Second acts often fail. And in business, when ambitious executives leap from one perch to another for money or glory, the maxim might as well be: The bigger they come, the harder they fall.
Yet there is one group of job-hopping business leaders that is more likely to succeed. New research from Harvard Business School suggests that high-ranking women develop "portable skills" that enable them to better make a transition. In contrast to male stars, star women tend to perform just as well at a new company as their original one.
What are these portable skills? One is a talent for building external networks - of clients, associates, and other professionals outside their organizations - that remain intact when they depart. Another is a capacity to size up a company's management culture and values, and determine whether they fit, before signing on.
"Women, because they are often marginalized and have to fight institutional barriers, are much pickier," Harvard assistant professor Boris Groysberg, who outlined his findings in last month's Harvard Business Review, said in an interview. "They ask questions about culture, they ask questions about flexibility. They seek objective performance measures so they're not depending on politics."
Groysberg, who specializes in organizational behavior, has previously chronicled how star analysts lured away from investment firms by competitors usually disappoint at their new firms. Flaming out is just as common in other captains of commerce and in sectors beyond finance, judging by the ever-shrinking tenures of transplanted chief executives and the sagging market value of their companies.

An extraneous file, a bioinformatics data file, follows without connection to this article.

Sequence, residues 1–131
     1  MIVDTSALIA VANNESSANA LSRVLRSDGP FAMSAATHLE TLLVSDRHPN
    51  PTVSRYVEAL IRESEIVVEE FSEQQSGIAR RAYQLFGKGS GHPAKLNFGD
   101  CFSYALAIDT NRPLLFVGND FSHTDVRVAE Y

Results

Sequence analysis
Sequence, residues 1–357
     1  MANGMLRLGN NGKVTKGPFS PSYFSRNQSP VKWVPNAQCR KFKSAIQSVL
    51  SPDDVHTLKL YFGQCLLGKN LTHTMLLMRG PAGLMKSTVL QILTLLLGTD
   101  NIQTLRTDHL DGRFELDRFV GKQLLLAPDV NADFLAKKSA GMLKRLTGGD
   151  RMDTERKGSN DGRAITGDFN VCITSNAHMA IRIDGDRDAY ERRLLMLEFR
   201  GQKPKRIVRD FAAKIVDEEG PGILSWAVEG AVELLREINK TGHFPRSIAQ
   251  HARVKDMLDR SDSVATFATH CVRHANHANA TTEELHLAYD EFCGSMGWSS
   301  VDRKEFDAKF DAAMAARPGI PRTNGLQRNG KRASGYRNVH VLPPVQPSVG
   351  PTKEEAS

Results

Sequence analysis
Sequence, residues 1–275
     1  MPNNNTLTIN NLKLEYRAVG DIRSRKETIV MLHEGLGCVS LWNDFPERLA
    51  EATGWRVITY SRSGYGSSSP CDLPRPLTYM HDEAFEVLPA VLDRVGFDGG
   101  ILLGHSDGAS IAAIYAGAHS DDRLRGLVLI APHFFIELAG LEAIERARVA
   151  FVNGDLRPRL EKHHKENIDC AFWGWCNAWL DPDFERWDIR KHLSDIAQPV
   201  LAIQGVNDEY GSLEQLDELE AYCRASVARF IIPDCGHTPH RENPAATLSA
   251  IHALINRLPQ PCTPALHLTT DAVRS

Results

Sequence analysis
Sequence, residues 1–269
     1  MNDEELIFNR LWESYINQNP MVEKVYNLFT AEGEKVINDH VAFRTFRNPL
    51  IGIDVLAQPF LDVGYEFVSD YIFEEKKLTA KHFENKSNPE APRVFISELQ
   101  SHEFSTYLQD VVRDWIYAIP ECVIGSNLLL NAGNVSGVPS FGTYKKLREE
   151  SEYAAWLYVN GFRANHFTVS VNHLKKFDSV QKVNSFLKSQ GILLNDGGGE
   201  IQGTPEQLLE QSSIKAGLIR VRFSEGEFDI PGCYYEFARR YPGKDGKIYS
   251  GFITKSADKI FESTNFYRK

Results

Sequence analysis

In poring over his database, Groysberg was struck by the exceptions: those who had jumped, landed on their feet, and even thrived with a new employer. They included "lift outs," high-performing teams who'd migrated together from one company to another and thus were able to retain the context in which they'd previously flourished.
When it came to individuals, star women outperformed male stars. Groysberg based his study on Wall Street analysts because their industry niche is considered a meritocracy where results can be quantified by measures such as stock-picking performance.
His research, drawn from data on nearly 1,000 analysts, offers encouragement to those who have pushed against the "glass ceiling" that limits women from advancing in corporations and other organizations. Presented last Wednesday to more than a dozen businesswomen and academics at Boston's Simmons School of Management, the findings sparked discussion on the value of portable skills and external networking at a time when communication and collaboration are becoming core competencies for businesses.